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DETAILS [spotlight]


LONG LIVE THE KING Covering the vast Western Concourse, and spanning the full 150m length of London’s King’s Cross station, a new 20m-high ta- pered central ‘funnel’, made of a lattice- work of steel and glass, was unveiled ahead of its March 19th public opening. The architects of the new extension, John McAslan and Partners, worked with Network Rail on the £500m project to create the largest single span structure in Europe, de- livering a new station concourse with more than three times the space of its predeces- sor.


Network Rail brought in Unspun to produce the launch of the spectacular new exten- sion. Unspun’s creative team, consisting of Robert Alge as Creative/Executive Director, Glyn Peregrine as Lighting Designer and Julian Scott as the soundtrack composer, designed a show to highlight the dynamic meeting of the station’s original 1852 brick façade with the striking new curved steel


lattice. Peregrine worked with Dom Sheerman at PRG, pre-programming the show at their facilities in East Molesey, South West Lon- don. PRG’s Chris Burnage built a 3D model of the new station extension allowing Glyn and programmer Jim Beagley to design and program the show in WYSIWYG, presenting the concept to clients Unspun and Network Rail before reaching site.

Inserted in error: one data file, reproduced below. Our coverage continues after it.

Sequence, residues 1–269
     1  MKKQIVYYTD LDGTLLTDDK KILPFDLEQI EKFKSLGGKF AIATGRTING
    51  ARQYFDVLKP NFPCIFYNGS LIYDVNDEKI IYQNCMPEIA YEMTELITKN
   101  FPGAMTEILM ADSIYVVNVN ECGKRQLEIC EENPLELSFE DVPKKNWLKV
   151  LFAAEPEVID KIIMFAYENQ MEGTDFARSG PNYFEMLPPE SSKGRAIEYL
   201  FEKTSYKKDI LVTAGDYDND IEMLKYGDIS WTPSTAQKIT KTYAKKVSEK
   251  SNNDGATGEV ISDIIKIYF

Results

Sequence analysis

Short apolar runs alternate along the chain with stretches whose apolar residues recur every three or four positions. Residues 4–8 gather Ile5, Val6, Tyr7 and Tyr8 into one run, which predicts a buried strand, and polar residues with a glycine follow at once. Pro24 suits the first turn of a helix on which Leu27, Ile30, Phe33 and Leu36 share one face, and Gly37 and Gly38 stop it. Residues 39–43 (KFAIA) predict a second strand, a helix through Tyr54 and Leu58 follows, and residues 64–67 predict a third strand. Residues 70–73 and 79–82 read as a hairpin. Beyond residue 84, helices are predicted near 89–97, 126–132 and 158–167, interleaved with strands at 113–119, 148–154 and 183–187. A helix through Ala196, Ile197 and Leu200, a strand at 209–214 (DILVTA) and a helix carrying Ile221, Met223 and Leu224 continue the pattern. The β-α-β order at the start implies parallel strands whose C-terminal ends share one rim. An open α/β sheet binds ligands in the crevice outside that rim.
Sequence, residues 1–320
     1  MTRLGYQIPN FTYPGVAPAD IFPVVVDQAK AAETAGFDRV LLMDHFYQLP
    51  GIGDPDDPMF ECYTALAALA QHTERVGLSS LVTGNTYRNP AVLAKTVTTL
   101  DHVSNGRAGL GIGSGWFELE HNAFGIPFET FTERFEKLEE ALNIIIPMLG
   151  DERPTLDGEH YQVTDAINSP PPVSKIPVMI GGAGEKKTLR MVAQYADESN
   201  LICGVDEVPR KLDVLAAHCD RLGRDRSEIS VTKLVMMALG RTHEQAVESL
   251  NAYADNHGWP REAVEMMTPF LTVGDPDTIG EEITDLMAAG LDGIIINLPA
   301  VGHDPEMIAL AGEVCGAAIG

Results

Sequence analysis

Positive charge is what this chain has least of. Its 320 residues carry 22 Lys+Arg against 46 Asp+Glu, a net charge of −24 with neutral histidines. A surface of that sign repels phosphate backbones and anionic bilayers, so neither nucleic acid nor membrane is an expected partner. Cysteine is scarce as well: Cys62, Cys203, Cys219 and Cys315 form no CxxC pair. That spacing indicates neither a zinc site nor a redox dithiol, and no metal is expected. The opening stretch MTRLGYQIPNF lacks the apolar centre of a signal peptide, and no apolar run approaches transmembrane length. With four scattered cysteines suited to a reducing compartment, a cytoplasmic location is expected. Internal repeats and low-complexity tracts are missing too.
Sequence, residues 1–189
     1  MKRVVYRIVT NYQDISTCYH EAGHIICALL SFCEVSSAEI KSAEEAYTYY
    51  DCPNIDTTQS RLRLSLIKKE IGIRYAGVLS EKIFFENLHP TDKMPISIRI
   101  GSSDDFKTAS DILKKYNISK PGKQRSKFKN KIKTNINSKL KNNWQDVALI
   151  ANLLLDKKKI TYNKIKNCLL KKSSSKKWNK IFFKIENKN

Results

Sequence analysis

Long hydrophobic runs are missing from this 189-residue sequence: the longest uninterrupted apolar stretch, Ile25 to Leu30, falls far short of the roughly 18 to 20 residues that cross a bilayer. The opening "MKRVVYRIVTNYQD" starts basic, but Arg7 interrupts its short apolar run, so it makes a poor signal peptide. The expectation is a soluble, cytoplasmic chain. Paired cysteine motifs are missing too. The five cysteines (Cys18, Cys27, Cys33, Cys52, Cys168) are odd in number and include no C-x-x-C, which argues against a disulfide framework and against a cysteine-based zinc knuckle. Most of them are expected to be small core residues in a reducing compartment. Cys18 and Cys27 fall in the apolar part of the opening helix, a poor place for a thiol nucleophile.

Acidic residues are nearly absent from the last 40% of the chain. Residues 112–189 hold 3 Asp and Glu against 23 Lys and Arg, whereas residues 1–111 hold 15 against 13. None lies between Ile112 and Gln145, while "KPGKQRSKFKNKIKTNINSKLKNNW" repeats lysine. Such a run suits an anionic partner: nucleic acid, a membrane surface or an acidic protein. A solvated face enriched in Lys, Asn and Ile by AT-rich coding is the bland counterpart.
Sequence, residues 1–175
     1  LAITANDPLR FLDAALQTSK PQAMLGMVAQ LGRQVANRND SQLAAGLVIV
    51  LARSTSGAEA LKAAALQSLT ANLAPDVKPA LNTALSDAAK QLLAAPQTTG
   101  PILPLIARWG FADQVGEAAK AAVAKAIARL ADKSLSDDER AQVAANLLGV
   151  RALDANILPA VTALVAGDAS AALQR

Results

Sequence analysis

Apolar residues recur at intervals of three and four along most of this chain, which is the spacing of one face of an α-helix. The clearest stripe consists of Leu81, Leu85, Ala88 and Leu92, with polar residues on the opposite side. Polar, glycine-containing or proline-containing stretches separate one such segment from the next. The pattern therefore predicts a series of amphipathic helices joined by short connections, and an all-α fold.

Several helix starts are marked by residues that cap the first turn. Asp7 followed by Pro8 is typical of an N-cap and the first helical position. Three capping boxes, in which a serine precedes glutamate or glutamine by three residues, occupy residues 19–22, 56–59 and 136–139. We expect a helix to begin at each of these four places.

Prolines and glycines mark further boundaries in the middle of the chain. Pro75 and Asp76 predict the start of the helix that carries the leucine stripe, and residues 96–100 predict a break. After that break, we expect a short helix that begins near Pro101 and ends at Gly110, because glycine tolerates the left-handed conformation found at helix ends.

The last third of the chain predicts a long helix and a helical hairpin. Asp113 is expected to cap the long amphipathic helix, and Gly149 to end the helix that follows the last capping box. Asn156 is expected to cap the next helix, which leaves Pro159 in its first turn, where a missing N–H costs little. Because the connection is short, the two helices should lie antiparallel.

Achieving the bold effects across such a large roof, Peregrine used a mixture of PRG’s proprietary Bad Boy Spot Luminaire, alongside Vari*Lite VL3000 Spots, VL3500 Washes and more traditional CS4 bars, to allow for sharp white beams to cut across the structure.


The zoom range of the Bad Boy allowed Peregrine to use the fixture both as a spot, creating beams at 7° zoom, ranging out to 56° to wash the roof with rich colours. The Quantum Colour system in the Bad Boy uses


individual colour filters to deliver a broad range of vibrant, saturated colours, without a reduction in brightness. Peregrine commented: ”PRG have looked after us every step of the way and delivered the highest level of service and equipment - the client is delighted.” Transforming the station, originally designed 160 years ago by Lewis Cubitt, has also been the catalyst for one of the largest regenera- tion schemes London has witnessed. The overhaul of King’s Cross has seen 67 acres of brown-field land redeveloped to create eight million square feet of offices, shops and new homes, as well as an art college. www.prg.com/uk


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